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The dignified choice 

The End of Life Option Act should pass when it's reintroduced in the next legislative session

State Sens. Bill Monning (D-Carmel, whose district San Luis Obispo County), and Lois Wolk (D-Solano) introduced Senate Bill 128, the End of Life Option Act, in January 2015. Popularly known as “death with dignity,” the bill sailed through the state Senate. However, the lack of support from a majority of the Assembly Health Committee members prevented its advancement to the Assembly floor for a vote, prompting Monning and Wolk to withdraw the measure from the Assembly Health Committee. It is unfortunate that the bill was not passed this year. Three states already have death with dignity laws: Oregon, Washington, and Vermont; two states, Montana and New Mexico, have court rulings protecting physicians who assist patients in dying.

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Many remember the case of Brittany Maynard. Born in 1984, she was a UC Berkeley psychology graduate, and later earned a master’s degree in education from UC Irvine. She married Dan Diaz in September 2012. On Jan. 1, 2014, just 16 months after her marriage, Maynard was diagnosed with grade 2 astrocytoma brain cancer, for which she received medical treatment. The cancer reappeared in April 2014 and her diagnosis was elevated to grade 4 astrocytoma, with a prognosis of six months or less to live. The family had to move from California to Oregon so that she could take advantage of Oregon’s Death With Dignity Act. Maynard ended her life on Nov. 1, 2014, with her husband holding her hand and the rest of the family surrounding her. In accordance with Oregon’s death with dignity law, the official cause of her death was recorded as a brain tumor on the death certificate.

In the last entry Maynard made on Facebook, she stated: “Goodbye to all my dear friends and family that I love. Today is the day I have chosen to pass away with dignity in the face of my terminal illness, this terrible brain cancer that has taken so much from me ... but would have taken so much more ... Goodbye world. Spread good energy. Pay it forward.” Maynard died at age 29. 

SB 128 was inspired by Maynard’s case. The bill would require all oral and written requests for an aid-in-dying drug to be documented in the individual’s medical records. It would grant terminally ill adult patients the right to request a prescription from a physician for a lethal dose of medication, thus giving them the ability to die peacefully at the time they choose, rather than continuing to suffer severe mental anguish and unbearable physical pain. “It is a good, carefully written bill modeled on Oregon’s successful 20-year-old death with dignity law, and it deserves to pass,” argued the Los Angeles Times editorial board. Participation for physicians and health care providers is completely voluntary.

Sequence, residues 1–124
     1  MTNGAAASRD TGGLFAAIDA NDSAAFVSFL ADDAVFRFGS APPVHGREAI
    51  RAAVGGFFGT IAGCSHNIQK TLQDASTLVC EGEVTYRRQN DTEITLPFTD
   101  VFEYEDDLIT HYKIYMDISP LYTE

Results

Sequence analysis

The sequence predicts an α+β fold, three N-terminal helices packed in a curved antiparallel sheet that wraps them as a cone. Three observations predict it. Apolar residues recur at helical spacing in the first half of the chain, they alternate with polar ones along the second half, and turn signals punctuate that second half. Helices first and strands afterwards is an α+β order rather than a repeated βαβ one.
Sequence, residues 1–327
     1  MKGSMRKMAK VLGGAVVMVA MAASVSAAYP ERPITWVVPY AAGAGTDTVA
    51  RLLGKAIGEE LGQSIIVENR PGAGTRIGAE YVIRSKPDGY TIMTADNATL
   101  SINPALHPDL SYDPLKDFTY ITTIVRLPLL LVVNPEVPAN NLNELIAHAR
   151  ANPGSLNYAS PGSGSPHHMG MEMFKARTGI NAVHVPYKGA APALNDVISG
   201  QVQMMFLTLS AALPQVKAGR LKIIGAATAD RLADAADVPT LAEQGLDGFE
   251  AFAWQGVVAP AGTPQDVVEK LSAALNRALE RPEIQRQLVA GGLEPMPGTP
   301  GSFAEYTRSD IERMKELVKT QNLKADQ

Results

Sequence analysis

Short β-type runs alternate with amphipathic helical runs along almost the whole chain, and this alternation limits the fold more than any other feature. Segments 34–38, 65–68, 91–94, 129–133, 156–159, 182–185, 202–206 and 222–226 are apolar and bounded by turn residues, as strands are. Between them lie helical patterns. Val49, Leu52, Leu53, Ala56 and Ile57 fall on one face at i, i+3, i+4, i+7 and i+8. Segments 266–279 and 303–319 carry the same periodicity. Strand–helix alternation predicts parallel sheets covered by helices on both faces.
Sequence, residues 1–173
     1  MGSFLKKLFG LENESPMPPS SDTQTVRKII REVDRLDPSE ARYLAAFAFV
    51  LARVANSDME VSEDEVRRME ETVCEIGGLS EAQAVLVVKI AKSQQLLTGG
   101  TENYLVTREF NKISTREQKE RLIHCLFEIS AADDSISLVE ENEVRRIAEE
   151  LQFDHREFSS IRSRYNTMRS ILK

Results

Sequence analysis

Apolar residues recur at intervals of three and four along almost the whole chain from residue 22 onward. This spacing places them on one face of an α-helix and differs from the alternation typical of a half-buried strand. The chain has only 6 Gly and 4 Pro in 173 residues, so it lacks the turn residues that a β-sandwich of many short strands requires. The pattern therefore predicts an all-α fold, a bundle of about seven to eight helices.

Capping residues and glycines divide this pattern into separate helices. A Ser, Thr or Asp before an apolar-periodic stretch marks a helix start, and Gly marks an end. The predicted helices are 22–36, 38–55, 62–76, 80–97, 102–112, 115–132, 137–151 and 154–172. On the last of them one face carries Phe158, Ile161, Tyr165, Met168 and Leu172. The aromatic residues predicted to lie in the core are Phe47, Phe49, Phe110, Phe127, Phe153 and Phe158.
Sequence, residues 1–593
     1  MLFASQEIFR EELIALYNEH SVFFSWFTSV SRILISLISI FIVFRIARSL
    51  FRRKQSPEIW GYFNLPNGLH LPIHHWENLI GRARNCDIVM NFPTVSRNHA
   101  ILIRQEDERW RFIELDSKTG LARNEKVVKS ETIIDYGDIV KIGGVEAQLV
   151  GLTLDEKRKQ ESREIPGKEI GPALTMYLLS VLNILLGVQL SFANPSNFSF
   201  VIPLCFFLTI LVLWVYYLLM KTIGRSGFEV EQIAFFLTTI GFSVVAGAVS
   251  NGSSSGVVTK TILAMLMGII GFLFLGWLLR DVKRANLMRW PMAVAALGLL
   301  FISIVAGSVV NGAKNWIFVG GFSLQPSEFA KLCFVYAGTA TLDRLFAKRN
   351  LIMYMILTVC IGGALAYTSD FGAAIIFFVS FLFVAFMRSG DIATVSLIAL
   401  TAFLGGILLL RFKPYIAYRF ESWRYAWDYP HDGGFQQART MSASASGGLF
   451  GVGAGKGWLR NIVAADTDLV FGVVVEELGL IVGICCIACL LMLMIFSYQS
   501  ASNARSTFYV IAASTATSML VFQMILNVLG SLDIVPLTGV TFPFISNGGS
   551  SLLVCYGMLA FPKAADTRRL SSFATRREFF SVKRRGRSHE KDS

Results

SB 128 would require determination by two physicians:

  • • The prognosis that the patient will die within six months due to the terminal illness;
  • • The patient is mentally competent to make health care decisions for him or herself;
  • • The patient can self-administer lethal dosage of medication.

    Dr. Rupinder Mann at Eisenhower Medical Center, with 15 years of palliative-care experience, told The Desert Sun that the two-physician requirement is key. It not only addresses mental health but the six-month terminal illness diagnosis. Either physician has the ability to raise a flag, “and when in doubt, the entire decision should be put on hold.” SB 128 would require that at such a point an evaluation must be made by a psychiatrist or a psychologist.

The patient would be required to make a written request and two oral requests a minimum of 15 days apart and two witnesses would need to attest the request. There would be a 15-day waiting period between the doctors’ agreement and the issuing of prescription. The patient can decide not to use the prescription or rescind the request for the lethal drug at any time. A recent study in Oregon concluded that a sizable percentage of those who obtained the prescription never ingested the drug. Like the Oregon law, SB 128 would require death certificates to list the underlying illness as the cause of death, with no mention that the terminally ill person had ended his or her own life before the disease did so. This echos Maynard’s statement, “There is a difference between a person who is dying and a person who is suicidal ... I do not want to die. I am dying.”

According to the Los Angeles Times, 70 percent of Californians believe that dying persons have right to death with dignity. Polls suggest that anywhere from two-thirds to three-fourths of Americans are in favor of some type of physician-assisted death.